The matter of casual consumption of alcohol is increasingly accepted among Christians, but in previous generations “the drink” was considered an insufferable evil — a quick, sure agent for destroying the family and the community. One tract from 1922 notes, “The children of this generation must be taught that alcohol is present in beer, wine and home-brew, and that alcohol, wherever found, is a poison.” Evangelists such as Billy Sunday continuously railed against the dangers of booze, preaching with such aggression that saloons and bootleg operations shut down all across the country.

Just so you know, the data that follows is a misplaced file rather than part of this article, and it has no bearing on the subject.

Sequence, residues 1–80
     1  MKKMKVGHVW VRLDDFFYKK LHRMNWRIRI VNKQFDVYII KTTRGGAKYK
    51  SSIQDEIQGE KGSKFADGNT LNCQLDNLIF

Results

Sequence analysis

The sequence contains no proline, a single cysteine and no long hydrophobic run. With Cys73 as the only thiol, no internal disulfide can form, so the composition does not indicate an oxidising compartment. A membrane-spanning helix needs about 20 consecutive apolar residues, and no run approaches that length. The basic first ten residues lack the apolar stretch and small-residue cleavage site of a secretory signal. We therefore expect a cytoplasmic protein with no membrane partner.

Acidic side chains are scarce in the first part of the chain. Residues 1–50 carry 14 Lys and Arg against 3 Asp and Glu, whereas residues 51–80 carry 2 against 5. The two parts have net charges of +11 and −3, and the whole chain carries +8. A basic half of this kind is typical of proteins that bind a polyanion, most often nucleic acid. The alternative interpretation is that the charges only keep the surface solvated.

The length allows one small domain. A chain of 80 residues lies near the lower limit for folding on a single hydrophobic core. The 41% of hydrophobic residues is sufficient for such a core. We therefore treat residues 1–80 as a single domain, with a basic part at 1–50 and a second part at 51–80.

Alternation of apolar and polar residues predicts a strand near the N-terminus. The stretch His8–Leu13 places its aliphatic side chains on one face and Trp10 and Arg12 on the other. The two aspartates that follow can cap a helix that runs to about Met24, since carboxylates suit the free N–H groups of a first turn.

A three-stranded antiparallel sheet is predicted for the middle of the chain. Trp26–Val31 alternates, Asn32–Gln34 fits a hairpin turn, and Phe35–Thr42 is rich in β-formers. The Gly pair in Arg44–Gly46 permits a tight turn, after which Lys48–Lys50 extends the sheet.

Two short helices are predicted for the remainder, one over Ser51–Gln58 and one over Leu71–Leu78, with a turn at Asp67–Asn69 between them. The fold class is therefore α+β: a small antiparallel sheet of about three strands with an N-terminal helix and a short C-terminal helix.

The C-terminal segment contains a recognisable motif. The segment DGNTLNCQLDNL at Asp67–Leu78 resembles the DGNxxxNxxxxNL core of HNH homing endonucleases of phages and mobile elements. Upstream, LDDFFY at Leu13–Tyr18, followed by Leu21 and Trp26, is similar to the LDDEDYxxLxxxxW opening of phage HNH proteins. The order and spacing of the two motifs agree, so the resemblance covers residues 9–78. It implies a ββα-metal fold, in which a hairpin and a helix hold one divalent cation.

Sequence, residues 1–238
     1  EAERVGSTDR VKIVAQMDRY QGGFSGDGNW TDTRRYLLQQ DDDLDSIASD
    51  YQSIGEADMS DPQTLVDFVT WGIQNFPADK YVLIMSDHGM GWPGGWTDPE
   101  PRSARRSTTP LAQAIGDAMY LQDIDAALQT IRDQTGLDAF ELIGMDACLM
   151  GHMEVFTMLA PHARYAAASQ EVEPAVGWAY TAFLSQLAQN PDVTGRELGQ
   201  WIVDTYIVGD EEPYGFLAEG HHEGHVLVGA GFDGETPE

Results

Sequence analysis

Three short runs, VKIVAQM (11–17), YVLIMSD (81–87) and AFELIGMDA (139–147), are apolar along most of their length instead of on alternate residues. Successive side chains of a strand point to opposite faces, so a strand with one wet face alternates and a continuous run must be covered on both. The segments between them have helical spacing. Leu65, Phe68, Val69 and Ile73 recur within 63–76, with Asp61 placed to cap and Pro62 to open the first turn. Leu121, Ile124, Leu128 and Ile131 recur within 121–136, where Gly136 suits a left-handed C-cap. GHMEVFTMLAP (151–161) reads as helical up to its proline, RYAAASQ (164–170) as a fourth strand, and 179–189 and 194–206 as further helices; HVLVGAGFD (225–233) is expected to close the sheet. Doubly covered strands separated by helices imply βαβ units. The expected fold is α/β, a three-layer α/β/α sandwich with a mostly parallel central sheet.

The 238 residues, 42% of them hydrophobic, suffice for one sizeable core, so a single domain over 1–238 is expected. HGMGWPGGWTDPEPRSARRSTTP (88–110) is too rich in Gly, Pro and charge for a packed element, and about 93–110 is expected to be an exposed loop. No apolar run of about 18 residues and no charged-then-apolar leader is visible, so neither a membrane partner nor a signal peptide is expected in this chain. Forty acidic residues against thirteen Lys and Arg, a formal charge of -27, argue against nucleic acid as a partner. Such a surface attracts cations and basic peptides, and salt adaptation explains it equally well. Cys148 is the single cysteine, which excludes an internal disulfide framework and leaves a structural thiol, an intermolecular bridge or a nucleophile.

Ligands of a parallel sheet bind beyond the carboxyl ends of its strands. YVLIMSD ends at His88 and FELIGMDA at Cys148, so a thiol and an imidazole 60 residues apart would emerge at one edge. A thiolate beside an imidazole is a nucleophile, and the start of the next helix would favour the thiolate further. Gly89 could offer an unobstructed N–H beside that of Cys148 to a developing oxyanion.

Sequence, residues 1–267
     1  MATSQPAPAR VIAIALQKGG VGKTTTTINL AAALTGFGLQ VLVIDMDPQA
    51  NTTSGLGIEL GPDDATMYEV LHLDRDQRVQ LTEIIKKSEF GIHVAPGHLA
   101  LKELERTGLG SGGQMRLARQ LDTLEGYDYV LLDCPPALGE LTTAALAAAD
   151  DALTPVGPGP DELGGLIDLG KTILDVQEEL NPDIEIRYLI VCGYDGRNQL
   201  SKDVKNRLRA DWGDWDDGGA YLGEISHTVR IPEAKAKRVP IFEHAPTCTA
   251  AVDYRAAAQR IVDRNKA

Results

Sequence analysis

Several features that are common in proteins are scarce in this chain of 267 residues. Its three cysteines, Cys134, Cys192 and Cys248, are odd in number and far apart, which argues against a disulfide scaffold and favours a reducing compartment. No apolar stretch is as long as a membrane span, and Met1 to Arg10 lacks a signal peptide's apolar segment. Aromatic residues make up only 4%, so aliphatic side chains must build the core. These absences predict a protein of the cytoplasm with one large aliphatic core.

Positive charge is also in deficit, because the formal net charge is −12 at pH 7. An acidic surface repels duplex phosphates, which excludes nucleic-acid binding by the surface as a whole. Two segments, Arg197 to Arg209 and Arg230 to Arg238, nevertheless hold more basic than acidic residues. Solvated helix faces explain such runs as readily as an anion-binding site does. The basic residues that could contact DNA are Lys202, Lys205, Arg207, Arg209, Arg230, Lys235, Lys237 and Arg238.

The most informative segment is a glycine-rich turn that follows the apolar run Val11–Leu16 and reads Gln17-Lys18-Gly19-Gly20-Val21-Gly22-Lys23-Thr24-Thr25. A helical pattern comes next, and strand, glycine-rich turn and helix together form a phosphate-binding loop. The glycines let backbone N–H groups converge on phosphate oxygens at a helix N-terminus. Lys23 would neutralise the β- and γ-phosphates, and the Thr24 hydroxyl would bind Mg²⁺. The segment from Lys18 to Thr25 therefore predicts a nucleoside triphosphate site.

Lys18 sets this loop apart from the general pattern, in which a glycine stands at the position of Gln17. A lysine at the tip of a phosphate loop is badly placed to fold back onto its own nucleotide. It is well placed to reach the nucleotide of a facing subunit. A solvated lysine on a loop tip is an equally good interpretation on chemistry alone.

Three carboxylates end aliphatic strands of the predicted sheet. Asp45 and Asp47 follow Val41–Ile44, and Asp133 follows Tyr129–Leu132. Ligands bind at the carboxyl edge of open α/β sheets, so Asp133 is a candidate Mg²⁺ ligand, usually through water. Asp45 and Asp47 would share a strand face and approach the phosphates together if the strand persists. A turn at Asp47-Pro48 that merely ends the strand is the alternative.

Assisting in the battle for temperence, Wheaton College established the Prohibition Club, which eventually aligned itself with the Intercollegiate Prohibition Association. Students, traveling to schools and churches, performed oratories and wrote contest essays with such themes as “The World Movement Against Alcoholism. Charles Blanchard, second president of Wheaton College, delivered the keynote address for the third annual convention of the Intercollegiate Prohibition Association of Illinois in 1895, hosted at Wheaton College.
Modern sensibilities might disagree, but voices from the past proclaim their opposition with conviction.